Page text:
WARNING! Spoilers be ahead - or at least, they are if you aren't up-to-date with BBC One series THE APPRENTICE. I accept no responsibility if you choose to read on.
The Apprentice - or should I say the BBC's annual parade for the megalomaniacal - is back on our screens, bringing us another bunch of bright young entrepreneurs to goggle at on a weekly basis (and a few so fresh-faced they look like they've been dropped into the boardroom straight from the womb).
Now, I'm aware that saying "I think there's going to be a few bigheads in this series" is akin to saying "I think the Pope might be of the Catholic faith", but I guess the sort of characters that would apply for a high-profile position under the wing of a massive household name such as
"To be honest, I am pretty great." (this candidate was fired early on)
"I'm like a really, really fine-tuned switch; if I need to tone it down, then I tone it down. If I need to tone it up, then I tone it up."
"I'm a Leon-trepreneur."
"Don't tell me the sky's the limit when there are footprints on the moon."
And that last quote can be attributed to this young lady: Melody Hossaini. Now, before I go any further with her, I'd like to state why I am bringing her to your attention.
Anyone remember this chap from last year? Yes, "The Brand" was young and very foolish, but after his Baptism of Fire in the interviews stage during which he was eaten alive by Margaret Mountford and co., he went on to gain redemption after his appearance on You're Fired and a subsequent column in Heat magazine. He has become a caricature of himself and, love him or hate him, you have to admit that he has earned himself a bit of a break.
So what did Stuart do that was so terrible? Well, he lied his way out of (and eventually into) trouble, he twisted information around to suit his views before presenting it to his colleagues, he tried to muscle in and take over tasks assigned to others. He did all of this over the course of the series, while Melody did all of that and more during the latest episode.
This week, the teams were sent to sell British products in France. A sub-team from each was sent off to do some brand research in order to pitch to French retailers, one of which was La Redoute. While the sub-team did this, the rest of the team had a look at a range of British homeware and technology products which would be brand new to the French market. Instead of doing the research project manager Tom asked Melody to do concerning La Redoute, she decided to conduct a street survey to garner opinion on one of the products, a children's car seat that folded away into a backpack. Despite not having seen the product, she took a dislike to it and decided that she didn't want it to make the shortlist.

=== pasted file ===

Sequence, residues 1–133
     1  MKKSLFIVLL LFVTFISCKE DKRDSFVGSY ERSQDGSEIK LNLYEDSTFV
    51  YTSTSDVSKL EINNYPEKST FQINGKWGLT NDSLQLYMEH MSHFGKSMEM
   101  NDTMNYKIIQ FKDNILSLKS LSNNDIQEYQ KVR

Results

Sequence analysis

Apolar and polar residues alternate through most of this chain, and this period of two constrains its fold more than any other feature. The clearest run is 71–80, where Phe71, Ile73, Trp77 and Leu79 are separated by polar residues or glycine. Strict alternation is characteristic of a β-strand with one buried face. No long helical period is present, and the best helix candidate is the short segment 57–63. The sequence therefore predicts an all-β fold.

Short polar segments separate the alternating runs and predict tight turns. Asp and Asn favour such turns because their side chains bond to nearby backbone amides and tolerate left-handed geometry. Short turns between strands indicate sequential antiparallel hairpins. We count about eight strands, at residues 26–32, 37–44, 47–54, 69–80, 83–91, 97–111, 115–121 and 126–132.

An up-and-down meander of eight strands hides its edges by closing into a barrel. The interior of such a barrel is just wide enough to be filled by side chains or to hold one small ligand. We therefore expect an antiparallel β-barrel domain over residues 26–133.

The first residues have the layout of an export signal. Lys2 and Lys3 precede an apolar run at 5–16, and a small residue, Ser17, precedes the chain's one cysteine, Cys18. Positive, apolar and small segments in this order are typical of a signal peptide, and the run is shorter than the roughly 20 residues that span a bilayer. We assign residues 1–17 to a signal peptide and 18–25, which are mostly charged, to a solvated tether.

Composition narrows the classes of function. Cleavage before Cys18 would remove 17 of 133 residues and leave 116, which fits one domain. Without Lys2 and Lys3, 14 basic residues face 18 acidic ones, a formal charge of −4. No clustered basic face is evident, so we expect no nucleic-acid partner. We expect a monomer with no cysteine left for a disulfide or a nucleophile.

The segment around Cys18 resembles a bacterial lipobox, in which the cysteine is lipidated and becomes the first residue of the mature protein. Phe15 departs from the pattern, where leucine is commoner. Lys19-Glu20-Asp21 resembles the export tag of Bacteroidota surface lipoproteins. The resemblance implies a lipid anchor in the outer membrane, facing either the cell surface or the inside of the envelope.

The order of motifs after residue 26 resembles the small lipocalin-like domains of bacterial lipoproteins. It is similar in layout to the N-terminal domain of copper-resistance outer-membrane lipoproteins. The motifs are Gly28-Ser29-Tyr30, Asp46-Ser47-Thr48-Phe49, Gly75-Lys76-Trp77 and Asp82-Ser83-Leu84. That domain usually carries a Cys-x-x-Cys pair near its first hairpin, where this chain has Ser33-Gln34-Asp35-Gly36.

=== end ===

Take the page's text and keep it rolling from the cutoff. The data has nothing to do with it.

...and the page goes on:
What we, the viewers saw were a group of French people expressing an interest in the product - several people told Melody and team member Leon that it was a good idea, despite explaining that a lot of families use the Metro system. Melody took this to mean that the product wouldn't be well received, and used this information along with her initial dislike of the product to convince Tom to go for another item; a kitsch-y teapot-shaped hanging light. Quite rightly, Tom explained "Well I'd be an idiot to push three people to sell something they really didn't want to."
Melody almost redeemed herself with her sales - almost. While Leon tagged along like a moth hanging around a lightbulb, whining that he couldn't speak French (or in fact speak at all), Melody made some great sales. She set up meetings with companies, and then she decided that she was the only one entitled to pitch to them. Her reluctance to back the backpack/car seat bit her on the arse in the boardroom, where it turned out Helen, who had done her research on La Redoute, had done an amazing stonking pitch to them and got them to place an order of 214,000 Euros (a boardroom record). Melody, Tom and Leon were brought back into the boardroom: Tom because he was PM (and didn't make any sales, which serious jeopardised his position), Melody because of her lack of team-play and Leon because...well, he did nothing this time.
And Lord Sugar loved her. Of course he did, despite Nick pointing out her fibbing and lack of motivation to do what her team wanted over what she wanted to do. Now, Lord S admittedly would have loved her if she had been a bloke, but how would everyone else have reacted to her?
Let's look at 'Jedi' Jim Eastwood shall we? A few weeks back he ripped into youngest candidate Susan Ma, calling her "a mouse" and accusing her of only speaking up when it suited her. Quite rightly, he was told to shut up in no uncertain terms by Lord Sugar and Susan was given a chance to speak. Jim has also garnered to perfection a technique I like to call "The Symbiote" - he sticks to another male candidate, coaxes them into doing what is beneficial to him and then drops all confederacy in the boardroom.
Melody isn't doing exactly what Jim did to the letter: she's not a bully, though she did nearly go into spiteful hysterics in the boardroom. She doesn't form alliances; in fact quite the opposite, but you can still use the same words to describe them both: manipulative, self-serving, untruthful.
Why does Melody get away with it? As a viewer, she made me very angry; even angrier than Jim did when he shouted Susan down. Jim and Melody both have Lord Sugar's respect, but Jim is tarred with a black brush. Melody gets off scot-free in the boardroom (admittedly, according to many social networks she is not very popular). She doesn't need to redeem herself, a la The Brand. She is a "tiger", not a "liar".
And now the big question: is it because she is a woman?
Please let me know what your comments are on this - I will be using them in a follow-up post to this one.